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Designing An Author Logo

Hello! I wanted to share a bit about how I came to design my author logo. First, let’s go over a little of the history behind the tradition.


The author logos of today are rooted in the older traditions of monograms and ciphers, which likely began with the invention of print in the 1400’s to differentiate the work of one artist or printer from another. Monograms combine interlocking initials to form a completely new design, whereas ciphers are created with initials or other stylistic elements, but need not be interlocking. Nowadays, we use the term monogram to refer to both.


By the 1700’s, monograms became popular not just among artists or nobility, but also among the growing merchant class, and by the 20th century, the tradition became more attainable with the technology and resources for a person to create their own rather than rely on the work of commissioned artists. 


An author logo is, at its heart, a symbol to project your personal brand and writing style. It should be easy to identify, read, and recreate in a variety of mediums. The colors used will need to harmonize with your website, book covers, advertising, etc. Of course, images are often used in an author’s logo as well as letters, but rarely will that be enough to identify it as a unique branding design in and of itself; often, it’s in combination with the author’s initials or full pen name.


For mine, I sketched the image first. I wanted my design to be easily understood at first glance, so I decided not to interlock the letters. As my pen name is A. M. Portman, I began with the initials A, M and P, with the last initial placed in the center and more prominent as is traditional. After that, I realized the P in the center needed a little extra style, maybe something in the design that hinted at my author brand, which is swashbuckling fantasy adventure. I looked around the room; the 1700’s hanger sword (similar to a cutlass) displayed above my writing desk caught my eye, and I realized the handle, when turned a certain way, forms a P!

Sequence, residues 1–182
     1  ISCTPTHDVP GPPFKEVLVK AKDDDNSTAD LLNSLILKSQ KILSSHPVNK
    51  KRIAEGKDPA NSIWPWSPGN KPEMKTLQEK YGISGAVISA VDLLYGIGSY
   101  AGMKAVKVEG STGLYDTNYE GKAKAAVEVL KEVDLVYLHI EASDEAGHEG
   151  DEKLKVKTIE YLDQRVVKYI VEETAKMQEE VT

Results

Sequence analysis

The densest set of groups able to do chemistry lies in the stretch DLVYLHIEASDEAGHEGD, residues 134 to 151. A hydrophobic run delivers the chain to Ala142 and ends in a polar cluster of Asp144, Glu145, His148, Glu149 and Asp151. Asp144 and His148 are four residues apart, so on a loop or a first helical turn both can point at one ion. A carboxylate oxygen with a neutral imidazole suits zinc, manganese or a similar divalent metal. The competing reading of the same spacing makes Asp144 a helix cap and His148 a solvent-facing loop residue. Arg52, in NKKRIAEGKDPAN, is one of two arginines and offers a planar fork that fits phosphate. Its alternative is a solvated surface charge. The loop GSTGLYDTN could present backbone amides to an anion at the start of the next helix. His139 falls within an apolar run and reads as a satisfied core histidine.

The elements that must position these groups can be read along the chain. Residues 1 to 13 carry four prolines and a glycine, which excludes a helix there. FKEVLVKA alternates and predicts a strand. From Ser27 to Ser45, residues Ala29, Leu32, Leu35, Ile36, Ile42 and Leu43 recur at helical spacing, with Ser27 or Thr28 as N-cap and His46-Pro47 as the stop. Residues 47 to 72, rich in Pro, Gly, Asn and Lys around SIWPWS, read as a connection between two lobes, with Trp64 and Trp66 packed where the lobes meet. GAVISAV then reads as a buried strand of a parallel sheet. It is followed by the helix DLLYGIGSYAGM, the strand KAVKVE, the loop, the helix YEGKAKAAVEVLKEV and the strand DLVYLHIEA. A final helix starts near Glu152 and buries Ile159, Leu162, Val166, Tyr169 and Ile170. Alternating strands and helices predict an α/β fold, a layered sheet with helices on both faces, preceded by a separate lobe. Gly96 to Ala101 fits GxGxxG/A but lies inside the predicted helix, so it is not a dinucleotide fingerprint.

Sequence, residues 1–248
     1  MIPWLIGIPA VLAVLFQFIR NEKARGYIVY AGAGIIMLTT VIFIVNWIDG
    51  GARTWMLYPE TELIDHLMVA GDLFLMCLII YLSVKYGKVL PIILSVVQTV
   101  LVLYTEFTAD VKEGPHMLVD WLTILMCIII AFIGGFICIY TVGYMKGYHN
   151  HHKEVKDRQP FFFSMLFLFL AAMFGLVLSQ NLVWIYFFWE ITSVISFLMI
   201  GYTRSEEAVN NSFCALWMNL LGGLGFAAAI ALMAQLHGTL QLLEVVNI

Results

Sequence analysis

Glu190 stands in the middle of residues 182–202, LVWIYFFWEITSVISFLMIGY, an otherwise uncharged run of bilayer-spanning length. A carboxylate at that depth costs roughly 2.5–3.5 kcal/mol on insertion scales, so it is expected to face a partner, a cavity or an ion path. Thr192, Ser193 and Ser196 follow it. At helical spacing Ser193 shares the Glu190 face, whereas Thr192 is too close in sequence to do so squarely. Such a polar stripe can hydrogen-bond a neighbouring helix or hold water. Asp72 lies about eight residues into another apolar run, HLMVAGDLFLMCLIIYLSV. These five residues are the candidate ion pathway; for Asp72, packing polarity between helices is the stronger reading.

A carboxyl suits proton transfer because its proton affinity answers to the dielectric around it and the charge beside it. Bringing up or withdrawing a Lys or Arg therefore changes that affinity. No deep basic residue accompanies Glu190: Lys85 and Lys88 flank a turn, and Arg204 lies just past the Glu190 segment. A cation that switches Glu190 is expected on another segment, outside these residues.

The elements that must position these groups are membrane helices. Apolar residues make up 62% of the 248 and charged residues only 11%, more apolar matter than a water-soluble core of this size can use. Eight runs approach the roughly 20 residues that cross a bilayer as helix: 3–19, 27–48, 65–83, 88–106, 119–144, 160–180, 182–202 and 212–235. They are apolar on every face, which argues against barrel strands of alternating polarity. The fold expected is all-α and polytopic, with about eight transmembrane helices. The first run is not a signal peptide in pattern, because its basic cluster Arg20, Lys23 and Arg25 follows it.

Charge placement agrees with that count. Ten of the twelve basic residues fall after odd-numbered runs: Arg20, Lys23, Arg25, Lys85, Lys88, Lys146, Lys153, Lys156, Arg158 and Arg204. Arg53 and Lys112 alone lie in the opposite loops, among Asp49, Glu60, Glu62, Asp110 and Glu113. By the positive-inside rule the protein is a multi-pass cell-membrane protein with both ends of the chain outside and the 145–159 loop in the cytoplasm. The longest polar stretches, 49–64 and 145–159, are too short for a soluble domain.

Since my fantasy adventure novels are set in a world heavily inspired by the 18th century and feature lots of sword fights and swashbuckling with similar weapons, I thought this was the perfect subtle design element to incorporate into my logo. I knew that I wanted it to double as my own personal monogram as well, so I placed the initials into a circle to round out the design (pun intended), et voilà! The logo was complete.


I sent the sketch to my graphic designer, and quickly had the finished file to use on my website. Since I like to send hand-written letters to friends and family, I’ve always wanted a custom wax seal ring, so I flipped it mirror-image and sent the file to a ring designer on Etsy. Now I have my own ring for sealing letters.

So, that’s the rundown of how I created my author logo. If you’ve created one of your own, tell me about your process in the comments!


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